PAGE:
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Integration of Silver Nanoparticle-impregnated Polyelectrolyte Multilayers Into Murine-Splinted Cutaneous Wound Beds

Guthrie, Kathleen M. DVM*; Agarwal, Ankit PhD; Teixeira, Leandro B.C. MS, DVM; Dubielzig, Richard R. DVM; Abbott, Nicholas L. PhD; Murphy, Christopher J. DVM, PhD*§‖; Singh, Harpreet BS, DVM; McAnulty, Jonathan F. DVM, PhD*; Schurr, Michael J. MD#

doi: 10.1097/BCR.0b013e31827e7ef9
Original Articles

Silver is a commonly used topical antimicrobial. However, technologies to immobilize silver at the wound surface are lacking, while currently available silver-containing wound dressings release excess silver that can be cytotoxic and impair wound healing. We have shown that precise concentrations of silver at lower levels can be immobilized into a wound bed using a polyelectrolyte multilayer attachment technology. These silver nanoparticle-impregnated polyelectrolyte multilayers are noncytotoxic yet bactericidal in vitro, but their effect on wound healing in vivo was previously unknown. The purpose of this study was to determine the effect on wound healing of integrating silver nanoparticle/polyelectrolyte multilayers into the wound bed. A full-thickness, splinted, excisional murine wound healing model was employed in both phenotypically normal mice and spontaneously diabetic mice (healing impaired model). Gross image measurements showed an initial small lag in healing in the silver-treated wounds in diabetic mice, but no difference in time to complete wound closure in either normal or diabetic mice. Histological analysis showed modest differences between silver-treated and control groups on day 9, but no difference between groups at the time of wound closure. We conclude that silver nanoparticle/polyelectrolyte multilayers can be safely integrated into the wound beds of both normal and diabetic mice without delaying wound closure, and with transient histological effects. The results of this study suggest the feasibility of this technology for use as a platform to affect nanoscale wound engineering approaches to microbial prophylaxis or to augment wound healing.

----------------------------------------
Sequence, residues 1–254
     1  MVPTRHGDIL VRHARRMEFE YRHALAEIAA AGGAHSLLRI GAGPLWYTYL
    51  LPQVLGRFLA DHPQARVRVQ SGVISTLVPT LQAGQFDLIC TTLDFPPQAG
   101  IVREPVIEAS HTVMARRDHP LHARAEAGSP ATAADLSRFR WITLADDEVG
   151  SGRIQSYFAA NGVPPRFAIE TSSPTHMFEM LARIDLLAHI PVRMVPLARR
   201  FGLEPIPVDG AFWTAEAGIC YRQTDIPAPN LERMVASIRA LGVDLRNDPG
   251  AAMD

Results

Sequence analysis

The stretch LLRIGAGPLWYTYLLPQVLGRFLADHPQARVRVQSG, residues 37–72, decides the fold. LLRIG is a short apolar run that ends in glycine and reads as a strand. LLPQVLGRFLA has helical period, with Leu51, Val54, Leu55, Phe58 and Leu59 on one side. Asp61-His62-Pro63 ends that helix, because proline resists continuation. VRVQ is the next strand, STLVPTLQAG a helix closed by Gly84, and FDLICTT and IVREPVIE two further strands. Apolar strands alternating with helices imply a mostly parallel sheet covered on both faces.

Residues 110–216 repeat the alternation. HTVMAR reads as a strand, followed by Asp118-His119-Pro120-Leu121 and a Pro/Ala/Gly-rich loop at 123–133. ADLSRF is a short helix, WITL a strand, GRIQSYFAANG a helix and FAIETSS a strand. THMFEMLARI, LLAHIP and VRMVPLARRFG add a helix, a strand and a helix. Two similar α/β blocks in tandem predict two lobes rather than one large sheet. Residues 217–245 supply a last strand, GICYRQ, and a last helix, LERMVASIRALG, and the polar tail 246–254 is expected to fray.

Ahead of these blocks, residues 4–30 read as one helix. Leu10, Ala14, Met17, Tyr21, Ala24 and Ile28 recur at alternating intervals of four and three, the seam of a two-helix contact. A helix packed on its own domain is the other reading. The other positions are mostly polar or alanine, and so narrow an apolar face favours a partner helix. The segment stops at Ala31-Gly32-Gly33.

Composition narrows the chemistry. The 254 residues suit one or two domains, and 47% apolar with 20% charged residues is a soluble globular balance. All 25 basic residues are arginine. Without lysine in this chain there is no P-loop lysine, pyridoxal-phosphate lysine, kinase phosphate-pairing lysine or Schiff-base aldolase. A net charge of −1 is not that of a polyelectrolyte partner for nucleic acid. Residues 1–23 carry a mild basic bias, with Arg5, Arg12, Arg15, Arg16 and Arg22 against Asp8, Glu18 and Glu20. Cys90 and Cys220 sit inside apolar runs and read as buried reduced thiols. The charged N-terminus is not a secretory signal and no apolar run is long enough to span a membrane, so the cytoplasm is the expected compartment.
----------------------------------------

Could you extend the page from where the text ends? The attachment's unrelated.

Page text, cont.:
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From the *Department of Surgical Sciences, School of Veterinary Medicine, Department of Chemical and Biological Engineering, and Department of Pathobiological Sciences, School of Veterinary Medicine, University of Wisconsin, Madison; §Department of Ophthalmology and Vision Science, University of California, Davis School of Medicine; Department of Surgical and Radiological Sciences, University of California, Davis, School of Veterinary Medicine; Cummings School of Veterinary Medicine, Tufts University, Medford, Massachusetts; and #Department of Surgery, School of Medicine, University of Colorado, Denver.

Authors Agarwal, Abbott, Murphy, Schurr, and McAnulty are founding members of Imbed Biosciences, Inc. Author Agarwal acknowledges support from a fellowship from the Ewing Marion Kauffman Foundation. The studies described here were funded in their entirety by an RC-2 grant from the National Institutes of Health.

Address correspondence to Jonathan F. McAnulty, DVM, PhD, University of Wisconsin, School of Veterinary Medicine, Department of Surgical Sciences, 2015 Linden Drive, Madison, WI 53706.

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© 2013 The American Burn Association